NBA: Take 2: Film moves Howard to fix his foul problems
By ANTONIO GONZALEZ
Associated Press Writer
ORLANDO, Fla. — Dwight Howard was looking for some guidance to overcome his chronic foul trouble in the playoffs, and he found it in a movie.
The Orlando Magic's All-Star center, an avid film buff, was encouraged by a friend this week to take note of the message in the "Peaceful Warrior."
Howard came away from the film inspired, calling it "one of the best experiences I've ever had." He related to the movie's main character, and plans to heed the movie's advice to help him get past the frustration of his struggles.
The 2006 movie is about a gymnast who injures a leg and has to fight through adversity to eventually triumph. The gymnast meets a wise man, played by Nick Nolte, who helps him along the way.
"There was one thing that stood out when he was saying that we're always looking for somebody to tell us what we need to do," Howard said of Nolte's character. "We're always looking around for answers from everybody else instead of searching within for the answer. I've had a problem with that, just looking around for everybody to tell me what I need to do with situations.
"Like, 'You need to do this, you need to do that.' So everybody's telling me, 'Do this, do that.' And when I'm playing on the court all I hear is, 'You've got to do this. You've got to do that, you've got to do that.' I have to get to a point where I can block all that out and just do what comes from within. I think it was good for me to see that."
Howard has been living a real-life drama.
He was sidelined in constant foul trouble during the Magic's first-round series against Charlotte. He continually complained about the officiating and was fined $35,000 for comments critical of officials on his blog.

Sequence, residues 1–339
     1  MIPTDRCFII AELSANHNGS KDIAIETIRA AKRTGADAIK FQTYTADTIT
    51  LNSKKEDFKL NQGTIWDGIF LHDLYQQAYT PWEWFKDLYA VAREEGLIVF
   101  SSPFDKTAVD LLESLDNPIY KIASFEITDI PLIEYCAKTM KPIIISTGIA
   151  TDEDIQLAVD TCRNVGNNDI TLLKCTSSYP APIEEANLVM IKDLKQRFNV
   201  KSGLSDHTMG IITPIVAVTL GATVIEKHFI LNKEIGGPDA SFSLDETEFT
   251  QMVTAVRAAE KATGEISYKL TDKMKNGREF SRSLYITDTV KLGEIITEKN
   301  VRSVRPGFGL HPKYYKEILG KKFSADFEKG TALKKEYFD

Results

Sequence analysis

Orlando still managed to sweep even with the NBA's two-time defensive player of the year in a funk. But the defending Eastern Conference champions know they'll need Howard to snap out of it if they want to return to the finals.
The Magic await the winner of Sunday's Game 7 between Atlanta and Milwaukee.
"We can get through the Charlotte Bobcats without him on the floor. We cannot get through whoever the next opponent's going to be without him being on the floor," Magic general manager Otis Smith said. "That's the bottom line."
Advice has filtered in from all angles this week.
Friends, family, teammates and coaches have been calling and texting Howard to offer guidance. His persistent foul trouble also has fueled fodder on talk radio and national television, with critics pointing the finger at Howard to pull himself together — even if calls don't go his way.
Nothing touched Howard more than the film.
It wasn't the first time Howard watched the movie, just the first time he watched it with a purpose. Howard said there was a parallel with the movie's message and his own predicament.
"It was one of the best experiences I've ever had, and something I needed to go through," Howard said. "This guy was just like me, from a lot of different standpoints. It was a real good movie and I learned a lot, and it was something that I needed to see."
The Magic only hope it's enough for Howard to shake his woes.
The Bobcats frustrated Howard into retaliating with excessive shoves and elbows. Most of his fouls came on the offensive end, relegating him to the bench.
Somehow, someway, the Magic didn't lose while Howard constantly lost his cool.
The Magic's happy-go-lucky center has been anything but his jovial and joking self after practices this week. He said he hasn't changed, and he's only trying to channel his focus.
Maybe even become a "Peaceful Warrior."